GOP congresswoman: Helping the post office is 'a recipe for disaster'

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Rep. Virginia Foxx attacked demands from Speaker Nancy Pelosi and House Democrats for more relief for a struggling nation.

Rep. Virginia Foxx (R-NC) attacked a new coronavirus relief package put forward by Speaker Nancy Pelosi and House Democrats that would help shore up the U.S. Postal Service, provide federal funding to hospitals, and help local governments that are struggling during the crisis.

"Speaker Pelosi wants Christmas to come early this year," Foxx tweeted Monday morning. "Instead of assessing what is already working, she's choosing to advance a new stimulus package with more irresponsible socialist stocking stuffers. Blindly throwing money at this pandemic is a recipe for disaster."

According to Axios, the new relief bill would provide $25 billion to keep the U.S. Postal Service from going into bankruptcy. The New York Times recently reported that the postal service could become bankrupt as soon as September, and such an event would disrupt mail service around the country. In 2019, USPS employed more than 630,000 people in the nation.

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The new relief package would also provide $1 trillion to state and local governments, many of which are struggling because of lost revenue during the crisis. In a Saturday letter to congressional leaders, groups representing the nation's mayors and police chiefs warned that cities could be forced to eliminate police officer positions if they do not receive assistance.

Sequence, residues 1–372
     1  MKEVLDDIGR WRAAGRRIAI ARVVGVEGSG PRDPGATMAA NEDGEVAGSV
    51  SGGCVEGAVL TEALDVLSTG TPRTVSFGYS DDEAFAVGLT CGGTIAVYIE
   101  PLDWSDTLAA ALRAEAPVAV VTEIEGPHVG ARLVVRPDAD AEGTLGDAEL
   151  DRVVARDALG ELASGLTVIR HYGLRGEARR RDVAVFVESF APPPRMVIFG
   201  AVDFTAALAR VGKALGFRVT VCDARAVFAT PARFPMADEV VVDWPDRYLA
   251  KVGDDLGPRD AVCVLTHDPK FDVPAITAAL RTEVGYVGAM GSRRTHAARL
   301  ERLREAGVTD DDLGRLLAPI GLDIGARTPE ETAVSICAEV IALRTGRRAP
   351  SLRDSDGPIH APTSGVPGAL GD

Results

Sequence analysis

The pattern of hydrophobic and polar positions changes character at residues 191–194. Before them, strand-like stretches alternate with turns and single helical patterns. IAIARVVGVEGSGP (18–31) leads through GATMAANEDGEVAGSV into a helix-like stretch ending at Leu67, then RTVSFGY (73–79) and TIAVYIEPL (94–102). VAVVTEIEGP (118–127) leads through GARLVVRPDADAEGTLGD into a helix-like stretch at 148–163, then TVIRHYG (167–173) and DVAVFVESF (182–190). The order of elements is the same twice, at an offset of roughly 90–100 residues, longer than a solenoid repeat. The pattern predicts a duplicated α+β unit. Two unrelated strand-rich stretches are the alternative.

"As a result of COVID-19 we have a public health crisis, a public safety crisis, and a fiscal crisis in our cities," the U.S. Conference of Mayors and the Major Cities Chiefs Association wrote. "As you consider a fourth bill to address the ravages of the pandemic, we urge you to include direct, flexible fiscal assistance to our cities so that we can continue to do everything possible to protect and serve our residents."

The package Foxx opposed would also help hospitals struggling during the pandemic. Hospitals across the country are losing a billion dollars a day, CNBC reported, in large part because elective surgeries have been postponed or canceled during the pandemic.

In Foxx's home state, the North Carolina Hospital Association estimated that hospitals in the state will lose $3 billion in revenue by the end of May.

The package would provide additional direct financial assistance to Americans as well. In a previous congressional bill, most Americans were allotted $1,200 from the federal government.

House Minority Leader Kevin McCarthy advocated against Congress moving quickly to provide more relief to Americans.

"Before we take up any new bill, let's have hearings," McCarthy told USA Today on Monday. "As states open up, there will be a difference of what's needed today than is needed tomorrow."

If there is another relief bill, Senate Majority Leader Mitch McConnell has demanded provisions to protect corporations from lawsuits if workers get sick when forced back to work. He described the policy initiative as a "red line" for any additional relief.

Foxx's opposition to additional coronavirus relief comes as the pandemic has led to a major economic crisis that has hit working Americans and small businesses hard. In April, more than 20 million Americans lost their jobs, making April's unemployment rate the highest since the Great Depression.

In North Carolina, more than 1 million people have applied for unemployment insurance. According to the Winston-Salem Journal, that means that more than 1 in 5 of the state's workforce from March has filed for unemployment.

Foxx's office did not respond to a request for comment.

Published with permission of The American Independent Foundation.